Not too many travelers go further south than Te Anau and Milford Sound. Those who do, however, and travel between Invercargill and Dunedin, have the possibility to take the scenic route through the Catlins and are rewarded with amazing beaches, stunning waterfalls, and beautiful scenery. And lots of gravel roads, yes, that too.
The southernmost point
The South Island’s most southerly point is actually at Slope Point in the Catlins. However, that place is rather difficult to access because it’s far away from anything and only accessible via a gravel road.
The small town of Bluff is almost as southerly and it’s also where the State Highway 1, which runs through both islands, ends. That place is therefore much more convenient as the southernmost point of the island and so at Stirling Point in Bluff there’s a sign where you can take your picture as proof that, officially, you’ve reached the end of the South Island. Or you can just go there and stare at the sea, look at the small islands off the coast, and dream of going even further south to Stewart Island.
On the map, the Catlins route doesn’t seem too long but it would take a minimum of two or three days to properly explore the region. We didn’t know that when we started but realized we’d have troubles doing all we wanted to do when we had lunch in Curio Bay (we started in Invercargill – just look at a map).
Before lunch, we spent about two hours on the beach at Waipapa point lighthouse – an empty beach with only seabirds, even a colony of spotted shags. With some patience and luck you can find beautifully colored paua shells or fragments of them.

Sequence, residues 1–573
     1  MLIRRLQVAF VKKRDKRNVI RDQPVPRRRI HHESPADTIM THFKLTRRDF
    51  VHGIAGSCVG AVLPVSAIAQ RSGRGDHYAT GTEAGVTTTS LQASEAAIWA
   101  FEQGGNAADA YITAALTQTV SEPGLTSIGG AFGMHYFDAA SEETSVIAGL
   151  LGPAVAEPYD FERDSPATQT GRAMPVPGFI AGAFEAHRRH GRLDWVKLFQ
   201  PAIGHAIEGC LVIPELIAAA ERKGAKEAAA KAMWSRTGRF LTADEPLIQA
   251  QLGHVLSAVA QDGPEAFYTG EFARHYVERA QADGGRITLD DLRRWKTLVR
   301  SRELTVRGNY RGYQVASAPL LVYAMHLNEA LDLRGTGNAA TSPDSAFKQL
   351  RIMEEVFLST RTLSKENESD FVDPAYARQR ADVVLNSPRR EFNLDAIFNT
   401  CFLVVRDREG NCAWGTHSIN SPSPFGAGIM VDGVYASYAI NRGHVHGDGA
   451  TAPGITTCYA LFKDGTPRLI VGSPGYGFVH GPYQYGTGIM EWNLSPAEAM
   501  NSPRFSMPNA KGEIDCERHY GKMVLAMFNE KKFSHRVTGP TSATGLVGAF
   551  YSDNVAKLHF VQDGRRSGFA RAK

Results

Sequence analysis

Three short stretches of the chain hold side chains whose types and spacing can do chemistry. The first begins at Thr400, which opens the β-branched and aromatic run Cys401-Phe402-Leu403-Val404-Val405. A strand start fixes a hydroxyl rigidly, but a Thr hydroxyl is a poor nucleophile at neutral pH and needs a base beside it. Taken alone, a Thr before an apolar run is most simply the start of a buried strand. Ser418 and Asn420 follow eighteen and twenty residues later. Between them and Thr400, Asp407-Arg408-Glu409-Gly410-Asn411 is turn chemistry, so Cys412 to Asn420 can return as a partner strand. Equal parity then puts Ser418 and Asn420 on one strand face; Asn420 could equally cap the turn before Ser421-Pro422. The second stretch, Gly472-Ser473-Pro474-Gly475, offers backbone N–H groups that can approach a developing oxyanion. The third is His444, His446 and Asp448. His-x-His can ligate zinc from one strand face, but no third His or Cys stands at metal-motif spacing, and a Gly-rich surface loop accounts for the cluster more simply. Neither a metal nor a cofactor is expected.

On the beach at Curio Bay, millions of years old fossilized trees are exposed for a few hours around low tide. They don’t look particularly pretty but the mere thought of these trees lying there since millions of years is crazy. It’s a really special place.
A walk through yet another enchanted forest leads to McLean falls (I love the forests in New Zealand! Walking through one is like being in a Lord of the Rings movie). The waterfall is beautiful but it’s better to watch it from a safe distance: The stones are extremely slippery; I learned that very fast.
When going back down, we saw two guys walking along the water. Then suddenly, we heard a cry and a splash; one of them had slipped and fallen down the waterfall into the, fortunately deep enough, pool. His head had been only centimeters away from the stones, it could have ended badly but luckily he got away with the shock. We too.
Walking trails, waterfalls, beaches, lakes, forests, … there’s a lot of everything in the Catlins but it’s impossible to do it all in a day. We didn’t manage to go to Nugget Point that day so we went there the next morning.
At Nugget Point, a lighthouse towers on a huge cliff, the rocks fall dramatically to the sea on three sides. The beaches below and the huge rocks offshore are a perfect and sheltered habitat for fur seals and sea birds. A short walking trail leads to the lighthouse and offers, once again, amazing views of the sea and the coast.